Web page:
30. Wouldn’t stepping down be undemocratic. (Too many candidates last time. Too few right now in my opinion.) To be honest, I wasn’t a fan of when Paul Martin won by acclaim.

    Hey, if Ignatieff survives a trial by Rae, he’ll be able to deal with anything the Conservatives will throw at him. Quite literally. If he can’t, he’ll be in the same position as Dion.

    But if Rae steps down, Ignatieff has to make an immediate and big show of respect towards Rae and his supporters. He needs to make Rae his deputy leader. (As the old saying in politics goes — it’s probably better to keep Rae inside the tent pissing out than outside pissing in.)

  31. That is a great option re: Rae as deputy leader. I still believe a heated leadership debate at this stage will do nothing but harm for the liberals, despite any “toughening up” effect it may have for Ignatieff. I also worry about the bad blood in the Liberal party over this. Ignatieff supporters stayed home during the last election because they were mad about Dion. Will Rae supporters act in kind? Is it time for a big Liberal group hug and therapy session?

  32. The biggest problem with the Liberals right now is the perception that they’re falling apart. A bitter leadership contest will do nothing to fix that as both candidates are dragged through the mud while the CPC sits back and laughs, loading up the ammo that the two campaigns will happily provide. If the public’s reaction to the coalition is anything to go by, Rae’s relationship with the NDP (not to mention his history in Ontario) will give Harper his majority. A coalition as a leadership issue wouldn’t help things either.

    Every Liberal that says they’re going to look elsewhere represents a riding that goes to the Cons (I refuse to call them tories) and Harper’s 2009 majority government. This is politics, get over your hurt feelings and punch Harper in the gut.

  33. I can’t see that a “debate” will serve any constructive purpose whatsoever. It’s not like we don’t all know these guys quite well — both their strengths and weaknesses. As for promises of reform, and rebuilding the fundraising operation, engaging more people to become members, etc., it’s not like they wouldn’t be saying basically the same things as far as all that goes.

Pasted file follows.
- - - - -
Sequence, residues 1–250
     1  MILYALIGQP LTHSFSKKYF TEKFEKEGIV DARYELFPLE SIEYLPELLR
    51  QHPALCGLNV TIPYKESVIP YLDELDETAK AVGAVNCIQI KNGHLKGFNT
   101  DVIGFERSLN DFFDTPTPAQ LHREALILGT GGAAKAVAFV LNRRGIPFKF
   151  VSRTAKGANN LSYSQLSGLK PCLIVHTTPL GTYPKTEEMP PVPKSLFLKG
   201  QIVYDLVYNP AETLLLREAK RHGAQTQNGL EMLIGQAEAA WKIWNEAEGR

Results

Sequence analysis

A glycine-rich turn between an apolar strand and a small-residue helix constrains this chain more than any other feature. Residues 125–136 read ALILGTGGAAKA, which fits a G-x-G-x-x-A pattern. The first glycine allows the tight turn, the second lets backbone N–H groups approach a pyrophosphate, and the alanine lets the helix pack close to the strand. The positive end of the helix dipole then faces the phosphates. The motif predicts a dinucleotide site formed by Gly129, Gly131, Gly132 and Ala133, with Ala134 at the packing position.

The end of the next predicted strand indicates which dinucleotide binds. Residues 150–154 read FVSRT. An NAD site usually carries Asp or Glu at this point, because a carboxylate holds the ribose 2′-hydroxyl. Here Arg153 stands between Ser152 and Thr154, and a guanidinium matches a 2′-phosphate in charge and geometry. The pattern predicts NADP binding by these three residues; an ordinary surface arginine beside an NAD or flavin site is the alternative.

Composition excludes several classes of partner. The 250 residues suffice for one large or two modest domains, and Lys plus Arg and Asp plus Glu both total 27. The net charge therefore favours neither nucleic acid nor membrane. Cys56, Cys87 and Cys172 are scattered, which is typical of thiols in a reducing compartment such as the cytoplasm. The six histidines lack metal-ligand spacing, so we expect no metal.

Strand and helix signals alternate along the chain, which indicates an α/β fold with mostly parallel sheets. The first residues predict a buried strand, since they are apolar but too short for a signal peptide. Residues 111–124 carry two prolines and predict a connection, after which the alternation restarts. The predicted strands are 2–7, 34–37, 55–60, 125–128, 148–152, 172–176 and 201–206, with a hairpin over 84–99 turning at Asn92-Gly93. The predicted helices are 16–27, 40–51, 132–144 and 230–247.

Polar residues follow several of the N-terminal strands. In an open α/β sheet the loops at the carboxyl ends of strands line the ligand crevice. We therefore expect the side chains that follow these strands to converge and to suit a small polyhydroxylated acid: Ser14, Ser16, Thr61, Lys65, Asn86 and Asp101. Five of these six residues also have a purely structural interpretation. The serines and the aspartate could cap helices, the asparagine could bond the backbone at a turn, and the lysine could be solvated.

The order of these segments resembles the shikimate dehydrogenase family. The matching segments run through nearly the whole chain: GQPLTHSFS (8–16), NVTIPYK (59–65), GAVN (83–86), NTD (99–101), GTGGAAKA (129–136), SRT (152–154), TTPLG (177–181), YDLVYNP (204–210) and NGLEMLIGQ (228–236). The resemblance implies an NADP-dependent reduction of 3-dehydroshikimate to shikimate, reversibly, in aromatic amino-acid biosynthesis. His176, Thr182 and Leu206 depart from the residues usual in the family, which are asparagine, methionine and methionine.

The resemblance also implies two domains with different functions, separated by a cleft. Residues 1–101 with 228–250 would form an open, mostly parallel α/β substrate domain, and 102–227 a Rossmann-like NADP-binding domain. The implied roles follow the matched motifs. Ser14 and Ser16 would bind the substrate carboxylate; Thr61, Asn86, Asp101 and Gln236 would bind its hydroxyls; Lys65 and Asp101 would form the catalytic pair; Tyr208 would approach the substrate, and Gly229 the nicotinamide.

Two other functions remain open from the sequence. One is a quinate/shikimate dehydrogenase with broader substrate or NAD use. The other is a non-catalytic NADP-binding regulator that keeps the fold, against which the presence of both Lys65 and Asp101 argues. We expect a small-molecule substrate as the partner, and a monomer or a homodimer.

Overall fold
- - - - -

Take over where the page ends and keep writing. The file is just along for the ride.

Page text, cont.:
34. That is a great option re: Rae as deputy leader. I still believe a heated leadership debate at this stage will do nothing but harm for the liberals, despite any “toughening up” effect it may have for Ignatieff. I also worry about the bad blood in the Liberal party over this. Ignatieff supporters stayed home during the last election because they were mad about Dion. Will Rae supporters act in kind? Is it time for a big Liberal group hug and therapy session?

    Dion made Ignatieff his deputy PM… hmm, what brought the Democratic party together after Obama decided not to pick Clinton as his VP?… Palin… Okay, Ignatieff and Rae have to be shown immediately walking down Yonge Street holding hands or playing touch football on the grounds of the University of Toronto. After this is over, they will have to show real leadership on this matter, and even if it kills them, if they don’t want a split in the party, they will have to find a way to make peace with each other and make it so public we’ll be yelling at them to get a room.

    As for the toughening effect of a debate… hey, if we hear it early, it’ll have less of an effect later on election night (see Obama). As for a split… there’s already a bit of one anyway.